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Jakarta Post

Myanmar’s move will cause further labor shortage: Malaysia federation

  • Razak Ahmad and Rahimy Rahim

    The Star

Petaling Jaya, Malaysia   /   Fri, December 9, 2016   /  07:03 pm
Myanmar’s move will cause further labor shortage: Malaysia federation An ethnic Rohingya holds a banner during protest after Friday prayers outside the Myanmar Embassy in Kuala Lumpur, Malaysia, Friday, Nov. 25, 2016. (AP/Vincent Thian)

Malaysia’s manufacturing sector will suffer if Myanmar presses ahead with stopping its nationals from coming here to work, said the Federation of Malaysian Manufacturers (FMM).

So far, local employment agencies said they have yet to receive any black-and-white directive on the freeze from Myanmar.

But the FMM pointed out that the move, if implemented, would hit the country’s manufacturing sector hard.

“This move coupled with the ongoing freeze on recruitment and foreign worker approvals will cause a further shortage of workers,” it said.

On Tuesday, Myanmar newspapers reported that the Ministry of Labor, Immigration and Population had issued a statement, saying the government would stop sending Myanmar workers here due to Malaysia’s strong position against the persecution of the Rohingya community.

The FMM pointed out that Malaysia’s manufacturing sector, which employed 100,349 Myanmar workers as June, was already facing a shortage of labor.

As such, it urged the Home Ministry, especially the Immigration Department, to quickly approve applications for replacement workers if the moratorium was implemented.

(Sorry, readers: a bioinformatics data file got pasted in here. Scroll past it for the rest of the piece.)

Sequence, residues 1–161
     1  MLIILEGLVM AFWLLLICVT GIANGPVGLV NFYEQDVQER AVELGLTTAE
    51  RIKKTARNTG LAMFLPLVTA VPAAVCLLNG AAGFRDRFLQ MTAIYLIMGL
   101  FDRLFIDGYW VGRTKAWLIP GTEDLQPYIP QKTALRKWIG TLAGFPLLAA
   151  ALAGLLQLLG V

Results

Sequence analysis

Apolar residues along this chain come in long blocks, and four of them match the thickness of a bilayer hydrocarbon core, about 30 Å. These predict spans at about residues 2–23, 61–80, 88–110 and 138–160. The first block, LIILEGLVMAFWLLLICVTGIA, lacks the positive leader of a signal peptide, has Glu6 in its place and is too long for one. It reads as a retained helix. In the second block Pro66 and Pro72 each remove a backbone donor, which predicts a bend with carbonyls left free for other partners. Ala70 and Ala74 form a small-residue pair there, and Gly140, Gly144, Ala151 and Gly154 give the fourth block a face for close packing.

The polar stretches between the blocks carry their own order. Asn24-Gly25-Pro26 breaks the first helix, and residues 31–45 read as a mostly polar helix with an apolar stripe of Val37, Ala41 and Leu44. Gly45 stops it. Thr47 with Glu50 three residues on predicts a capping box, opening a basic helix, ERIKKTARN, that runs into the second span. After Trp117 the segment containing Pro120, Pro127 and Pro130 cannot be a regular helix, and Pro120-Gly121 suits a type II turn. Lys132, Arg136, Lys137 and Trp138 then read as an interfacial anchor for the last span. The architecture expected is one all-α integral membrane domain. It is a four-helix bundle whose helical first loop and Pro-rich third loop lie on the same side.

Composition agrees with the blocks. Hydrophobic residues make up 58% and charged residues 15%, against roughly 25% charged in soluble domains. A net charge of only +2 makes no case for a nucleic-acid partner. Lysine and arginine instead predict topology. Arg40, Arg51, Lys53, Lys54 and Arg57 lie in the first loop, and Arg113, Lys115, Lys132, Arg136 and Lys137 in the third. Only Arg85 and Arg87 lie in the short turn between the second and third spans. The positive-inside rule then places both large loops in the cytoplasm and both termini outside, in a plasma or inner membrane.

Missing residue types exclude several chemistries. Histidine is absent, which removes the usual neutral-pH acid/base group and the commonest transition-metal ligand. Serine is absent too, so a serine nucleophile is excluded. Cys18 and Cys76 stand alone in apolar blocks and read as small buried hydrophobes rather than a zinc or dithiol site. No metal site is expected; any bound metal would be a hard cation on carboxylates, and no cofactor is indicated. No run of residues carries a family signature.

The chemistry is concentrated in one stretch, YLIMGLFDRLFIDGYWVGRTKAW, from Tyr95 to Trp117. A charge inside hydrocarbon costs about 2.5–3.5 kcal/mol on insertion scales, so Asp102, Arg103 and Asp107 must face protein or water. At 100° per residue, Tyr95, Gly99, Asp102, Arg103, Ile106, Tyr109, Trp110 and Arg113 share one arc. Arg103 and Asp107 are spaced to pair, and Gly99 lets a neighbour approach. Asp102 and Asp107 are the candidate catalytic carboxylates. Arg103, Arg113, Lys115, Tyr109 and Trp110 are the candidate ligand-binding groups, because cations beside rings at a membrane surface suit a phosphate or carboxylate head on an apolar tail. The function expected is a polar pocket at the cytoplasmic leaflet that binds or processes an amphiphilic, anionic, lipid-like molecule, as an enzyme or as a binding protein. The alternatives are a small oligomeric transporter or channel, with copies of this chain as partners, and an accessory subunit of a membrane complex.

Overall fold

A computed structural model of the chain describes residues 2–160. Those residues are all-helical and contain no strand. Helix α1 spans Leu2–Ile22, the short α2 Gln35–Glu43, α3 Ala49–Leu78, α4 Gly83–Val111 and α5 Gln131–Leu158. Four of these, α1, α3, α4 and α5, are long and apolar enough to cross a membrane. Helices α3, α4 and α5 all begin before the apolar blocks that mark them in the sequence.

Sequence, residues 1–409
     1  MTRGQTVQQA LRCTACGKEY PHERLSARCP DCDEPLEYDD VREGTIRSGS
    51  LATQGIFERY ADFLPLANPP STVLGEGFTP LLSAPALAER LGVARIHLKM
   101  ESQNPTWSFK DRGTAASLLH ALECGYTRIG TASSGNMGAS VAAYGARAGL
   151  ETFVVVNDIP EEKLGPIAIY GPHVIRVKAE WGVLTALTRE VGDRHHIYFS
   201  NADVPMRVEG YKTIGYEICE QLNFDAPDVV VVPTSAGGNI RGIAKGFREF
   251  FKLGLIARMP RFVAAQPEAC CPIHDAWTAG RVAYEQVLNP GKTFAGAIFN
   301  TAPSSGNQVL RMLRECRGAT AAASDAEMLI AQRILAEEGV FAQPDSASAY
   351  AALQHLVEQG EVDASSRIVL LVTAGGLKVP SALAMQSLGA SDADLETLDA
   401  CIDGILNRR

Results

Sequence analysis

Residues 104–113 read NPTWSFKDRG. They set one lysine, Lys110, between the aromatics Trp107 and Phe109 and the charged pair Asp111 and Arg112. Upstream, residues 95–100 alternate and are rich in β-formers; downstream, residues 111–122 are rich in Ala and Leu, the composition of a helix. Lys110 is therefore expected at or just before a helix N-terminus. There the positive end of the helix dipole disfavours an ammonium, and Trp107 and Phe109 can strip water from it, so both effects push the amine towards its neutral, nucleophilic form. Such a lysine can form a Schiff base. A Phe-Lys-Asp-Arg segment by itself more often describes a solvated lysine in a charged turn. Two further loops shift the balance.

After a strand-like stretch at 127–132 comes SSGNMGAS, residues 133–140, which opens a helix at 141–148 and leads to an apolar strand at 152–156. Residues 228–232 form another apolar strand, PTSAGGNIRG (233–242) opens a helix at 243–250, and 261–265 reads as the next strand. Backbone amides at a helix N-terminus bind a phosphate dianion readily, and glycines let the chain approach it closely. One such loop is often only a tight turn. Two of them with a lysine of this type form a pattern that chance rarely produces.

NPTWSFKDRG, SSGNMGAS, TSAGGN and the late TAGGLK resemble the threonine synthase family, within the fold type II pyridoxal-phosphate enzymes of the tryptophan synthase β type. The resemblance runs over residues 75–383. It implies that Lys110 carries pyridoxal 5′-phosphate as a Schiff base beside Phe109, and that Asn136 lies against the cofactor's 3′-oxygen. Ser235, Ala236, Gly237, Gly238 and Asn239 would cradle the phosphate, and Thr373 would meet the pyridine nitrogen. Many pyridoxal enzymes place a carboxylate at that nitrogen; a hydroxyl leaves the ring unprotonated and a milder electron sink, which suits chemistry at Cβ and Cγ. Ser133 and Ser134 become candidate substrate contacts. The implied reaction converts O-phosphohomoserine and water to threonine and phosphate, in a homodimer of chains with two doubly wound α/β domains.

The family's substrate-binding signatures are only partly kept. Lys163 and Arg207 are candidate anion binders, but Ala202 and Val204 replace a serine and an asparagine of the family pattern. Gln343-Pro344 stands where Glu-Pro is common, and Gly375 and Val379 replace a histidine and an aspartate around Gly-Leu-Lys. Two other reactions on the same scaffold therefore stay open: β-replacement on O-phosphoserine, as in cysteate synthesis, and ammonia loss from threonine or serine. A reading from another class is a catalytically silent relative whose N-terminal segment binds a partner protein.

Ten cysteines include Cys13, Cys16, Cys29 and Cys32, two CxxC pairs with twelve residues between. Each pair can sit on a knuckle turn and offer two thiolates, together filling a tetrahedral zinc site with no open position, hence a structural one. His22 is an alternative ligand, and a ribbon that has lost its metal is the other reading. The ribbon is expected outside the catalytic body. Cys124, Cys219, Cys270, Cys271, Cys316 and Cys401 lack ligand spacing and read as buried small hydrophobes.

The FMM said the ban would disrupt current recruitment efforts of the industry as some employers might have already incurred recruitment costs, including travel expenses and levy payments, to bring in new workers to meet the shortage.

In addition, any possible move by Myanmar to recall its workers who are already here would amount to a breaking of the employment contract.

“Employers have already incurred costs such as medical, insurance and levy payments which they would not be able to recover.”

FMM also voiced its concern that some Myanmar workers might resort to running away, which would result in employers being penalised by the authorities.

Several recruitment agencies contacted by The Star said they were hopeful that they could still bring in Myanmar workers.

An agency manager in Kuala Lumpur said he had yet to get any concrete details from his Myanmar counterpart.

“We are also unclear about the situation there. We hope that we can still bring them in as the demand is still high,” he said.

An owner of an employment agency in Shah Alam said employers who want to hire Myanmar workers would still be able to submit their applications.

“We contacted our agents in Myanmar but there is no official confirmation.

“Our company is expecting a new batch of workers from Myanmar next week,” he said, urging the relevant authorities to clarify the situation.

A recruitment officer in Subang Jaya said the company could still process applications for Myanmar workers.

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This article appeared on The Star newspaper website, which is a member of Asia News Network and a media partner of The Jakarta Post